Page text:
No Legal Theory to Extend Piercing the Corporate Veil Theory to Hold Estate Beneficiary Liable For Estate Debt
The trial court erred in finding appellant beneficiary and executor of estate personally liable for bill for animal feed delivered to farm business owned by estate because there was no legal theory to justify extending piercing the corporate veil to hold an estate beneficiary responsible for estate debts and appellant was not liable under a theory of unjust enrichment because there was no evidence to show that he directly benefited from the feed.
Appellee delivered animal feed to the dairy farm operated by appellant’s father. The father was the sole shareholder of the corporation that owned and operated the farm. After father died owing money to appellee, appellant became the executor and beneficiary of father’s estate and the estate continued to operate the farm and buy feed from appellee. Appellee sued farm and appellant over money due for delivered feed and asserted breach of contract and unjust enrichment. Prior to trial the parties stipulated that all defendants except for appellant in his individual capacity were liable for the entire $410,000 owed. At trial, the trial court pierced the corporate veil and found appellant individually liable and personally liable in his capacity as the sole beneficiary of father’s estate and liable on the alternate basis of unjust enrichment. Appellant appealed.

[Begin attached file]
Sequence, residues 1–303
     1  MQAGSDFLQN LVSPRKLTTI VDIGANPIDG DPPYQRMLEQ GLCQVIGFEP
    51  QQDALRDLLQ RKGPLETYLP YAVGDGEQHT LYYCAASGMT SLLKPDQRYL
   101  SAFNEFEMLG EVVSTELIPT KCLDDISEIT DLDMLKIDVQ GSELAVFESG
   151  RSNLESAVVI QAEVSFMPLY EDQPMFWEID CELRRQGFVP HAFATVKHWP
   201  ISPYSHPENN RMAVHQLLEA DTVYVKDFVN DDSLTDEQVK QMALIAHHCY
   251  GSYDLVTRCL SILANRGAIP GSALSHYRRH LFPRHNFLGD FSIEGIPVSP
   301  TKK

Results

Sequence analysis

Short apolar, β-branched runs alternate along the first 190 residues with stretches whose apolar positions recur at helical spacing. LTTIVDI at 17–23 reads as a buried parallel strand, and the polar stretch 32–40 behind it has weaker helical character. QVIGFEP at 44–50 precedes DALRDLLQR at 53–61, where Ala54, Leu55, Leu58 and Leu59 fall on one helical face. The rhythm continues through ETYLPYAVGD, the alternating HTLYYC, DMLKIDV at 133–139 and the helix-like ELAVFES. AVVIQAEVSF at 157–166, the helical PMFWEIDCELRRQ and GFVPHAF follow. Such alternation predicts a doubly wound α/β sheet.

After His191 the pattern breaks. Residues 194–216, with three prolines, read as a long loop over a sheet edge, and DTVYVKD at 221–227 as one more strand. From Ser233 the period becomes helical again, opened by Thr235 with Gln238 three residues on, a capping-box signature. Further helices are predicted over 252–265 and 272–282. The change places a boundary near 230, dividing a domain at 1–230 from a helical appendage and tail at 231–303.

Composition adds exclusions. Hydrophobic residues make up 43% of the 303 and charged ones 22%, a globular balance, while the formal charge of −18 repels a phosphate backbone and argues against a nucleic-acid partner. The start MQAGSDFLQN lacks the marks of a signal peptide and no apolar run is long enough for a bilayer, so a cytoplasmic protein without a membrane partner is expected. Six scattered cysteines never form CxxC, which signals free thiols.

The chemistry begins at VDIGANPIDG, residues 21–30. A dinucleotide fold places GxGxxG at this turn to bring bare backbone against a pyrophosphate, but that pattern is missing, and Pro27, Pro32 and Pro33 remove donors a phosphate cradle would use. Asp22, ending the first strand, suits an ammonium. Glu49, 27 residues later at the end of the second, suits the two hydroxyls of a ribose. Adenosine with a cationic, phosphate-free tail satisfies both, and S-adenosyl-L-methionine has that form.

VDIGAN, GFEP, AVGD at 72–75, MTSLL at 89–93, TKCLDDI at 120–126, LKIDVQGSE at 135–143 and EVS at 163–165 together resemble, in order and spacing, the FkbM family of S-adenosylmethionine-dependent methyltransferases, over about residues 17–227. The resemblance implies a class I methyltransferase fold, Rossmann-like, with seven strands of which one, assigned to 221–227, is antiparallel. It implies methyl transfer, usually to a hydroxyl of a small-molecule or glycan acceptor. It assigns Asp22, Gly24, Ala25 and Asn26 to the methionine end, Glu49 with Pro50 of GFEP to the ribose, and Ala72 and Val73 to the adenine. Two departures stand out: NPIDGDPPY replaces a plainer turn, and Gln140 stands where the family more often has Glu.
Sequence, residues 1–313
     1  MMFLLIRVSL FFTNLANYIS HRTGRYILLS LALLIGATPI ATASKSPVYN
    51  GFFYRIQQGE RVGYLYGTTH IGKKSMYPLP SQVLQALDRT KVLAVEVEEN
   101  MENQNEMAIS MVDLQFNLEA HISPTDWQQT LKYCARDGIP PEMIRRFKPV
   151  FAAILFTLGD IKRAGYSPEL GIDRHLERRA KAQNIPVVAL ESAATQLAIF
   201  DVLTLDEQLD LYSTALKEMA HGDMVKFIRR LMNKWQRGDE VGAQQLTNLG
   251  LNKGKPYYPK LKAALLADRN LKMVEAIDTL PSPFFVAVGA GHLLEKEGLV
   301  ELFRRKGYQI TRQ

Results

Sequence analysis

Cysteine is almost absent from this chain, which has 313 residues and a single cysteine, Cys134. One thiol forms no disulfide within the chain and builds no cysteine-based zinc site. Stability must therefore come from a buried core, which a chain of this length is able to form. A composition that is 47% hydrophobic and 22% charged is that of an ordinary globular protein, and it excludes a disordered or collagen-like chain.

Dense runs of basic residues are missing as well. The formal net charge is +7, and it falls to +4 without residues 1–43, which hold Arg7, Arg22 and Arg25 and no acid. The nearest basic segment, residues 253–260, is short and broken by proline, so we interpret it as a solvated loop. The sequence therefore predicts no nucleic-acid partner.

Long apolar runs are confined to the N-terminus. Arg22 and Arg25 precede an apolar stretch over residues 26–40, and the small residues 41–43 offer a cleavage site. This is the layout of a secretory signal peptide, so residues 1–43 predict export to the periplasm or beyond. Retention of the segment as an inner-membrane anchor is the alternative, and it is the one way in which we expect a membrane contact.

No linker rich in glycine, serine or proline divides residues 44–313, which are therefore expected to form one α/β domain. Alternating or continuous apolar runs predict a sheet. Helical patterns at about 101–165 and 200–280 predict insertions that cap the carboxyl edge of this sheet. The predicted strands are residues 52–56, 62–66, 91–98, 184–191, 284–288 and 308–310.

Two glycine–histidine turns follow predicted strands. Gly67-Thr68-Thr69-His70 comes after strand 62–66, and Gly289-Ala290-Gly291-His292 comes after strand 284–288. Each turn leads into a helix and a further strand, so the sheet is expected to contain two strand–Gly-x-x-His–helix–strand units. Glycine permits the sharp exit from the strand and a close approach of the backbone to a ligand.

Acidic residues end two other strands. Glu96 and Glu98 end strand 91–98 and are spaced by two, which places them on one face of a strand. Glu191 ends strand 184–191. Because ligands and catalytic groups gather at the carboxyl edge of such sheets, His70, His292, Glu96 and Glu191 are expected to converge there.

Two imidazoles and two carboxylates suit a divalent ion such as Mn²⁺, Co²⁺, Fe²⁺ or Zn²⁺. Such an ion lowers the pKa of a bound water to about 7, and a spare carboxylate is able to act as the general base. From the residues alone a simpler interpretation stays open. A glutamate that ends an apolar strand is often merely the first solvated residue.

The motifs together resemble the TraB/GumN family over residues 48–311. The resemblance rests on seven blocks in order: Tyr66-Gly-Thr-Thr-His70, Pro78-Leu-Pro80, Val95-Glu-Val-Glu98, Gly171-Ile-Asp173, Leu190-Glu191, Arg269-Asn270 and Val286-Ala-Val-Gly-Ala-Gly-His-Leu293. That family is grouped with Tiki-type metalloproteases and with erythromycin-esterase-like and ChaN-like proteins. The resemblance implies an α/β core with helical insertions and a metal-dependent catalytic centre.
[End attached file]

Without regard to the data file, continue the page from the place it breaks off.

Appellant argued the trial court had no jurisdiction because the issues concerned the administration of an estate. The trial court had found that the orphan’s court lacked jurisdiction because the case was a contract claim and not related to the administration of the estate. The court agreed with the trial court that the complaint was based on breach of contract and did not directly raise any issues of estate administration.
The court agreed with appellant that there was no legal basis to extend the theory of piercing the corporate veil to hold an estate beneficiary personally liable for estate debts. The trial court erroneously focused on appellant’s failure to carry through the administration of father’s estate and his alleged desire to shield himself from liability. A process existed to force appellant to transfer the ownership interest in the farm business from the estate by filing a surcharge or petition to remove the executor. Appellee did not use that remedy and the trial court could not treat the transfer as having occurred.
Appellant also argued that the trial court erred in finding him liable under a theory of unjust enrichment because he derived no benefit from the delivery of the feed and that there was a valid and enforceable contract for the delivery of the feed to the farm. The court found that appellee failed to show that it was appellant himself and not the farm business that directly received the benefit of the feed.
Reference: Mark Hershey Farms, Inc. v. Robinson PICS Case No. 17-1566 (Pa. Super. Sept 22, 2017), Digest of Recent Opinions, Pennsylvania Law Weekly, 40 PLW 962, October 17, 2017
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